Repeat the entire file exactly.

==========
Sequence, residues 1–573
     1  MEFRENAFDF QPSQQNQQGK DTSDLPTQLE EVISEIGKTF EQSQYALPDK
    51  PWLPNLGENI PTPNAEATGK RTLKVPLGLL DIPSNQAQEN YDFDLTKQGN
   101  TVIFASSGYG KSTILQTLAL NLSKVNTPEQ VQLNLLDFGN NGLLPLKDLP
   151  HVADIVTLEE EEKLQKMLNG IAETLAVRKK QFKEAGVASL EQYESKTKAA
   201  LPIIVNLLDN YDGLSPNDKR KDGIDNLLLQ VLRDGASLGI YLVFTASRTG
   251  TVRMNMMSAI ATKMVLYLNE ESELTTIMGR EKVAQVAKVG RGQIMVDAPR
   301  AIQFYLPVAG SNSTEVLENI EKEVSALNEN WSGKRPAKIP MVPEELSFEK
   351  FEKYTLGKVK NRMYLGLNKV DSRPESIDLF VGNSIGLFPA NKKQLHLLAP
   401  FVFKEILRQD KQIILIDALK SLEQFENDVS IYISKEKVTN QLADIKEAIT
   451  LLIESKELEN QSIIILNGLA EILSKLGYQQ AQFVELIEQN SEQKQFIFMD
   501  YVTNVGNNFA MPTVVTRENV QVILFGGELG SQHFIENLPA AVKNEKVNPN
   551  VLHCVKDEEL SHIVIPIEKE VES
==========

Sequence, residues 1–573
     1  MEFRENAFDF QPSQQNQQGK DTSDLPTQLE EVISEIGKTF EQSQYALPDK
    51  PWLPNLGENI PTPNAEATGK RTLKVPLGLL DIPSNQAQEN YDFDLTKQGN
   101  TVIFASSGYG KSTILQTLAL NLSKVNTPEQ VQLNLLDFGN NGLLPLKDLP
   151  HVADIVTLEE EEKLQKMLNG IAETLAVRKK QFKEAGVASL EQYESKTKAA
   201  LPIIVNLLDN YDGLSPNDKR KDGIDNLLLQ VLRDGASLGI YLVFTASRTG
   251  TVRMNMMSAI ATKMVLYLNE ESELTTIMGR EKVAQVAKVG RGQIMVDAPR
   301  AIQFYLPVAG SNSTEVLENI EKEVSALNEN WSGKRPAKIP MVPEELSFEK
   351  FEKYTLGKVK NRMYLGLNKV DSRPESIDLF VGNSIGLFPA NKKQLHLLAP
   401  FVFKEILRQD KQIILIDALK SLEQFENDVS IYISKEKVTN QLADIKEAIT
   451  LLIESKELEN QSIIILNGLA EILSKLGYQQ AQFVELIEQN SEQKQFIFMD
   501  YVTNVGNNFA MPTVVTRENV QVILFGGELG SQHFIENLPA AVKNEKVNPN
   551  VLHCVKDEEL SHIVIPIEKE VES